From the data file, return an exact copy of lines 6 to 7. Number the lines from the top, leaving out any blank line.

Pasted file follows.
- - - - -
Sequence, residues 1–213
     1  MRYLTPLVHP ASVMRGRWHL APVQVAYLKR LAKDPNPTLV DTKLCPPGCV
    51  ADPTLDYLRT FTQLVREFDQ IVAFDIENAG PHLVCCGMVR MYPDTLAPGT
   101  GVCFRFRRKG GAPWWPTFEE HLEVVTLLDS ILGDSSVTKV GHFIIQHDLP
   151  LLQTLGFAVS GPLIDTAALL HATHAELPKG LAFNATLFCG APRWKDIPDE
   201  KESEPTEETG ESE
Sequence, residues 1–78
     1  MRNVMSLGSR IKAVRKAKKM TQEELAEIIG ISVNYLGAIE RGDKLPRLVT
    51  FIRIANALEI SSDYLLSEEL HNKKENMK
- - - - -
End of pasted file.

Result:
   201  KESEPTEETG ESE
Sequence, residues 1–78